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Smoke & Mirrors with Latifa Ayad

Interview by Millicent Borges Accardi (Read the Story) June 17, 2024

Latifa Ayad

Latifa Ayad

How did you decide to combine humor and tension to build anxiety?

I think when we talk about mental health, we often feel the need to be really serious. However, when you come out the other side of a mental health crisis, I think it’s crucial to be able to exercise a little gallows humor. My grandma used to say, “It’s no laughing matter, but no matter if you laugh,” and that’s a principle I try to employ in my work. To cope with the really dark stuff, we need to be able to take a breath, and if that breath comes at the end of a good chuckle, all the better.

Usually a symbol of wisdom and intelligence, why is the octopus a source of anxiety?

When I was drafting “Octopus Heart,” I wasn’t thinking so much about symbolism as I was about the visceral feeling of the heart being squeezed. For me, the octopus made a lot of sense in this respect because of its ability to camouflage itself, to squeeze into small spaces, and above all to wrap and squeeze something eight times over. I’d like to note that I think octopi are marvelous and beautiful creatures and are certainly deserving of the symbology of wisdom and intelligence! I’d just rather not have one living in my chest, uninvited.

An octopus can mean many things (an unwanted pregnancy, claustrophobia, oppressive government) if any? Which did you have in mind?

For me, the octopus relates to the feeling of mental illness as a separate entity that inhabits us. When I’ve been in mental health crises, it all feels so outside of my control, as if this unexplainable other has taken over, and I no longer have autonomy over my own body. So I think of the octopus as being related to anxiety, and to mental health crises more generally, in this piece.

Can the octopus be seen as an alien, an outcast (as in Hawaiian mythology)?

Certainly. The octopus in the story is a very unwelcome visitor, but I think as the writer I feel a little sorry for the octopus, who is in some ways just as trapped as our protagonist. The octopus is “alien” to her body, and to wintry Michigan. H.P. Lovecraft was obsessed both with space and with deep sea creatures, and my husband has a horrific, Bloodborne-style Cthulhu tattoo that looks quite similar to an octopus, except with dozens of yolky eyes and several sets of spiked teeth. I think this association between deep sea and alien has made its way into my subconscious after years of sleeping next to those creeping tentacles.

Of what significance is the empty tank at Mote Marine?

I love to have a note of fabulism in my stories if I can, something that’s difficult to do in a flash piece, where I’ve got so little real estate to work with. I wanted to give my protagonist, and the readers, a little real-world evidence that this octopus isn’t necessarily just a metaphor. Of course, everyone will have different readings, and I don’t want to dictate the absolute truth of the story beyond what’s already on the page. The empty tank at Mote Marine is, for me, meant to nod to the possibility of the octopus being real, perhaps even this octopus is inhabiting the protagonist’s chest cavity. After all, how did it get there in the first place? The empty tank also compounds our protagonist’s feeling of helplessness, and I think she takes the empty tank as symbolic of her inability to cope and to understand what’s happening to her.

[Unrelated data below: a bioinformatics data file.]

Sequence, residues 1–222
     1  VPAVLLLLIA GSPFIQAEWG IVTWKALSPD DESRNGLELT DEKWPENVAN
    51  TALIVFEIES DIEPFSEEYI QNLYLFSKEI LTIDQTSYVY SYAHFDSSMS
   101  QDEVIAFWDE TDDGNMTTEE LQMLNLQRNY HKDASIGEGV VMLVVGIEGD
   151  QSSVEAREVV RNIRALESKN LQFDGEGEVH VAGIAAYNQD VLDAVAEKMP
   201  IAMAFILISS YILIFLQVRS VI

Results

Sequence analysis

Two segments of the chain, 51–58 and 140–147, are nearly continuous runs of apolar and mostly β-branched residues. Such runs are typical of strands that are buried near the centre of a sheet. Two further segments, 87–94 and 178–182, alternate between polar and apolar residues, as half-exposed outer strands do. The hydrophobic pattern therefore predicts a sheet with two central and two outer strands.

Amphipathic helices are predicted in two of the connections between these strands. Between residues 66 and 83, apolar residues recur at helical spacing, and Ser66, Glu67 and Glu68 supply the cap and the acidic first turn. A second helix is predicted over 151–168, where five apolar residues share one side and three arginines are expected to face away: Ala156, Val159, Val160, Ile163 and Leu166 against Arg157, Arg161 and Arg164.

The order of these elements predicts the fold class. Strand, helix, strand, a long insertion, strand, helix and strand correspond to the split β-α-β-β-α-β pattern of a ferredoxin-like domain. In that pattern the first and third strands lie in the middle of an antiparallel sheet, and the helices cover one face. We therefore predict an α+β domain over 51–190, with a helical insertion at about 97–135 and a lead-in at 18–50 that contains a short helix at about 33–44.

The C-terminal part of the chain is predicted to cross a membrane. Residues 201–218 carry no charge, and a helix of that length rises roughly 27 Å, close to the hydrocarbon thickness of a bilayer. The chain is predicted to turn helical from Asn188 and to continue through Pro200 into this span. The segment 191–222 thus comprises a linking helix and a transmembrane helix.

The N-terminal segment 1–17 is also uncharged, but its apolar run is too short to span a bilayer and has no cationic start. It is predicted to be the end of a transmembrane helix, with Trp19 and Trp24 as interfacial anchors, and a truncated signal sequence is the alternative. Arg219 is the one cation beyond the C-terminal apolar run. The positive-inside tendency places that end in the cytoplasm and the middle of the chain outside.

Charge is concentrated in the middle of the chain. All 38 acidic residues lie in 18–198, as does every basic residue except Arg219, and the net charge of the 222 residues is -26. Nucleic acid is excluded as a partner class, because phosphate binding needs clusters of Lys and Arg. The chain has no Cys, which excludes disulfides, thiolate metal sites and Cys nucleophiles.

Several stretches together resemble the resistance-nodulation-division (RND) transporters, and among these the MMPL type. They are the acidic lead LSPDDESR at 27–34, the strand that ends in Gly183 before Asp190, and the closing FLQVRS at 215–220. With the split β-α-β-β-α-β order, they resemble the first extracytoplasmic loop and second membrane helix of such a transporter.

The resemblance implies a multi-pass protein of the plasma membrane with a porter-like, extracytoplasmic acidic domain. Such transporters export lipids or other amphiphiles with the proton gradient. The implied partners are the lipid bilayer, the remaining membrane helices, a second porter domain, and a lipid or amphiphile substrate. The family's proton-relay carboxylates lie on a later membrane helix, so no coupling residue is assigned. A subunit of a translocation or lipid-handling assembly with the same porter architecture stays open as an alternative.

About the Author

Latifa Ayad is a Libyan-American writer who was born and raised in Sarasota, Florida. She earned her MFA at Florida State and is currently seeking her PhD at Western Michigan University. Ayad is a MacDowell Fellow. Her novel-in-progress, The Realm Unknown, was a runner-up for the James Jones First Novel Fellowship. For her complete published work, please visit latifaayad.com.

About the Interviewer

Millicent Borges Accardi, a Portuguese-American writer, is the author of four poetry collections, most recent, Quarantine Highway (Flowersong Press, 2022). Her awards include fellowships from the National Endowment for the Arts, Fulbright, CantoMundo, California Arts Council, NY Foundation for Contemporary Arts (COVID grant), and Fundação Luso-Americana. She works as a writing mentor, teaches poetry workshops, and curates the popular Kale Soup for the Soul reading series.

This interview appeared in Issue Eighty-Four — The SmokeLong Quarterly Award for Flash Fiction of SmokeLong Quarterly.
SmokeLong Quarterly Issue Eighty-Four — The SmokeLong Quarterly Award for Flash Fiction

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